Barcelona’s Joan Miró Foundation presents “Imaginary Friends” an exhibition for young children, through July 2. Based on the idea that contemporary art in its various forms can include even the youngest of children in its audience, “Imaginary Friends” presents nine installations that children can touch and play with.
Contrary to the contemporary tendency for audience participation to rely heavily on digital technology, in this exhibition participation is tactile and physical. The participating artists are Paola Pivi, Kasper Bosmans, Polly Apfelbaum, Meschac Gaba, Afra Eisma, Pipilotti Rist, and Martin Creed. Known for their colorful and tactile works, the artists come from different generations and backgrounds and express topical perspectives on play and leisure.
March 17, 2023 – July 2, 2023
The Design Museum in London presents Ai Weiwei’s (b. 1957) solo exhibition “Making Sense” from April 7. In a series of large-scale installations central to the presentation, the artist expresses his interest in materials and craft, scattering objects from Stone Age materials to modern Legos across the gallery floor.
Ai Weiwei, a leading contemporary Chinese artist, is known for his work on freedom of expression and refugee issues. He works across multiple disciplines, including painting, photography, film, architecture, installation, public art, design, exhibition curation, and publishing. In this exhibition, the artist brings together traditional Chinese crafts and modern materials to reflect on the history of demolition and urban development in contemporary China, exploring the tension between past and present, handmade and machine-made, expensive and cheap, installation and destruction through the material.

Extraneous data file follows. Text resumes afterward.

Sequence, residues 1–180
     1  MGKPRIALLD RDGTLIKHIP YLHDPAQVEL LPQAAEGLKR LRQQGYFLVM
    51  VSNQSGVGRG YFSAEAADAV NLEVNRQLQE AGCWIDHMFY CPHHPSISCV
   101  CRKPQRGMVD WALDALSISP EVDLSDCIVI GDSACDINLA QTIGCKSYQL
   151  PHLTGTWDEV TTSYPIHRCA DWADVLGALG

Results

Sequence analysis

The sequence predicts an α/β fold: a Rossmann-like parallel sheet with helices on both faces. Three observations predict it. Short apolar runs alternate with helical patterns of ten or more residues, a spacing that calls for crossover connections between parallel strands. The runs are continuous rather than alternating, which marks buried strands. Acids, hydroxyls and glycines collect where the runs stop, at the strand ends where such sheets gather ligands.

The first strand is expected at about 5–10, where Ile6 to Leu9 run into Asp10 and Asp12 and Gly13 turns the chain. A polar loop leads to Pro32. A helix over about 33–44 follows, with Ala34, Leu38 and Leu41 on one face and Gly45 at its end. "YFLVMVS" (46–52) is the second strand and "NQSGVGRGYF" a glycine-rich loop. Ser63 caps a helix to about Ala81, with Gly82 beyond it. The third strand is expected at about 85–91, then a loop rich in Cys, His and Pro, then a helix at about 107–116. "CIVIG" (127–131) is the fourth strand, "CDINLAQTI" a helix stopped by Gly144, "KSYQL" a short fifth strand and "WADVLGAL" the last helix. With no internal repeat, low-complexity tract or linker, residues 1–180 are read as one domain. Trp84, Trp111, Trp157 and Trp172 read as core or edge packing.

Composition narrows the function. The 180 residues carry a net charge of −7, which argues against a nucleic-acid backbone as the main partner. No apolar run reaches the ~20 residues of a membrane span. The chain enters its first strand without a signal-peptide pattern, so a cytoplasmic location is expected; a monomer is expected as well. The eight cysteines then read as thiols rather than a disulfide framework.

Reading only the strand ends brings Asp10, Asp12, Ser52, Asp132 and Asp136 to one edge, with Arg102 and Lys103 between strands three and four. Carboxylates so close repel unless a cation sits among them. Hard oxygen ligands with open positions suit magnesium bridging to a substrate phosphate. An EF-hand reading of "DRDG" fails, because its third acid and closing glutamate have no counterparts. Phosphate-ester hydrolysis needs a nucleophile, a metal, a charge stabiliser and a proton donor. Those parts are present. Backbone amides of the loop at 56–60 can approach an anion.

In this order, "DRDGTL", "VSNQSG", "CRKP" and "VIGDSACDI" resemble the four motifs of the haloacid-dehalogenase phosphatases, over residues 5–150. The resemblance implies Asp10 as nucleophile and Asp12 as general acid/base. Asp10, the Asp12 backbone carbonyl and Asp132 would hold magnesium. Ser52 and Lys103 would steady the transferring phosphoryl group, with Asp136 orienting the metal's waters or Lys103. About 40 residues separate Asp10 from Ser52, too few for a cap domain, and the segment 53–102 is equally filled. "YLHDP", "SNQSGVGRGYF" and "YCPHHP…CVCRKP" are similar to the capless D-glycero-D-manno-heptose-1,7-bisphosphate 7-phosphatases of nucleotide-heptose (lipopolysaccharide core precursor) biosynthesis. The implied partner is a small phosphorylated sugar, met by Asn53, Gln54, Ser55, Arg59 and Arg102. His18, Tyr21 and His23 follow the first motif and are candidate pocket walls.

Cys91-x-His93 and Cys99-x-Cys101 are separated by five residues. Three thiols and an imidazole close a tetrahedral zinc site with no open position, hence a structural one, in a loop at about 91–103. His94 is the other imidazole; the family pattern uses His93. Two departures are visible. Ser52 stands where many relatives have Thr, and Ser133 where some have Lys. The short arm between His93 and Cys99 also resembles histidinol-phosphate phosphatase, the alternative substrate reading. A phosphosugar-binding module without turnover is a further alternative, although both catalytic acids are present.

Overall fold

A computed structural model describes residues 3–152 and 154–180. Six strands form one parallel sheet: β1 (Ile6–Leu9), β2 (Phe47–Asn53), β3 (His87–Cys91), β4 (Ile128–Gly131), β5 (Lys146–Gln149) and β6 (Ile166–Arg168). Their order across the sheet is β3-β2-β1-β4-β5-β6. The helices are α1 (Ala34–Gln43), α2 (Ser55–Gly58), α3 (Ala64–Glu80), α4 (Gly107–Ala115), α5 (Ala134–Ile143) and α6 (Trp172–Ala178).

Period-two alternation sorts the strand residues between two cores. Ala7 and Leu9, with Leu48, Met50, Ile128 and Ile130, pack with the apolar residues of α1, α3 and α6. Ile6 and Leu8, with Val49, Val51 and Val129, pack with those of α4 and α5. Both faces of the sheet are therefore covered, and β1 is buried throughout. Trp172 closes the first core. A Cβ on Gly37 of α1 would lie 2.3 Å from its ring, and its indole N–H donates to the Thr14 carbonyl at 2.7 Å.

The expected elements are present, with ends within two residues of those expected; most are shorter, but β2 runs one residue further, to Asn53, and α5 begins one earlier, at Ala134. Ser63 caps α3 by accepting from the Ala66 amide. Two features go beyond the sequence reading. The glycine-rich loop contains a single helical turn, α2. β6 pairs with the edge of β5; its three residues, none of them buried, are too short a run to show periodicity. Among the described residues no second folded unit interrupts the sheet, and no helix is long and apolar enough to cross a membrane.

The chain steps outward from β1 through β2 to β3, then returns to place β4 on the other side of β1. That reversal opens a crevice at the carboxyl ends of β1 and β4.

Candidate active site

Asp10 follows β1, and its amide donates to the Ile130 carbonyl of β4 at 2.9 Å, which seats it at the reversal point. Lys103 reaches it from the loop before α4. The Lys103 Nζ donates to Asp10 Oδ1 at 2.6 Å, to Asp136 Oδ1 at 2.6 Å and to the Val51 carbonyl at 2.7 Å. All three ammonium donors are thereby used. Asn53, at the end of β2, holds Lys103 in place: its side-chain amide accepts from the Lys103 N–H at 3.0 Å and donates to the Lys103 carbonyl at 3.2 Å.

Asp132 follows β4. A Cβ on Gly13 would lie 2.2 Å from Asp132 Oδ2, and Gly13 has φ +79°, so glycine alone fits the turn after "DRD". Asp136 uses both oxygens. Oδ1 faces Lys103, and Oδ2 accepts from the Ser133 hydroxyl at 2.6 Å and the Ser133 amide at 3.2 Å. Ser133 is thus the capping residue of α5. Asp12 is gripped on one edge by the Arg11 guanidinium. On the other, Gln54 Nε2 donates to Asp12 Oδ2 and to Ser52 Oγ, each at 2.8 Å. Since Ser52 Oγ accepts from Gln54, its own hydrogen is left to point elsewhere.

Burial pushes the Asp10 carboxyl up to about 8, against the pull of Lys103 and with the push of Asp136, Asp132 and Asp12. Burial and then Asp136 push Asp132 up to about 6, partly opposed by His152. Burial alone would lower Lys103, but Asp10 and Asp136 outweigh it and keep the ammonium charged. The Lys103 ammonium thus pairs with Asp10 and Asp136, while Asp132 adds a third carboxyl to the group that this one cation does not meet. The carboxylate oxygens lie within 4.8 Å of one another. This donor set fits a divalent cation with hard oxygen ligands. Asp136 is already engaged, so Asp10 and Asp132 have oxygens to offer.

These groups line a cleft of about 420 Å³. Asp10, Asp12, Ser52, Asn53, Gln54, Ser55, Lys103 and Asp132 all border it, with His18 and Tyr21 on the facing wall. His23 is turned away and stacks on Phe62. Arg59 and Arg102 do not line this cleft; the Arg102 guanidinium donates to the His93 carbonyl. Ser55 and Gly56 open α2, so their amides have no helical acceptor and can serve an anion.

Ai Weiwei: Making Sense
April 7, 2023 – July 30, 2023
The Lenbachhaus in Munich is Germany’s leading national museum with a collection focused on German and European art of the 19th and early 20th centuries. The Lenbachhaus is currently presenting “Life or Theater,” an exhibition of 20th-century artist Charlotte Salomon (1917-1943), in collaboration with the Jewish Museum of Amsterdam.
Salomon, who died young in Auschwitz during the Holocaust in World War II, created 769 gouache drawings in her early 20s. The series of drawings, accompanied by texts, is like a theatrical script or foreshadowing of the graphic novel. Salomon called the series “Singespiel,” in which she and her family appeared as the main characters. Salomon’s narrative series is an artistic expression of her life, but its value is not limited to the autobiographical, conveying a vivid record of the culture of her time and the experience of Nazi oppression.
Charlotte Salomon: Life? or Theater?
March 31, 2023 – September 10, 2023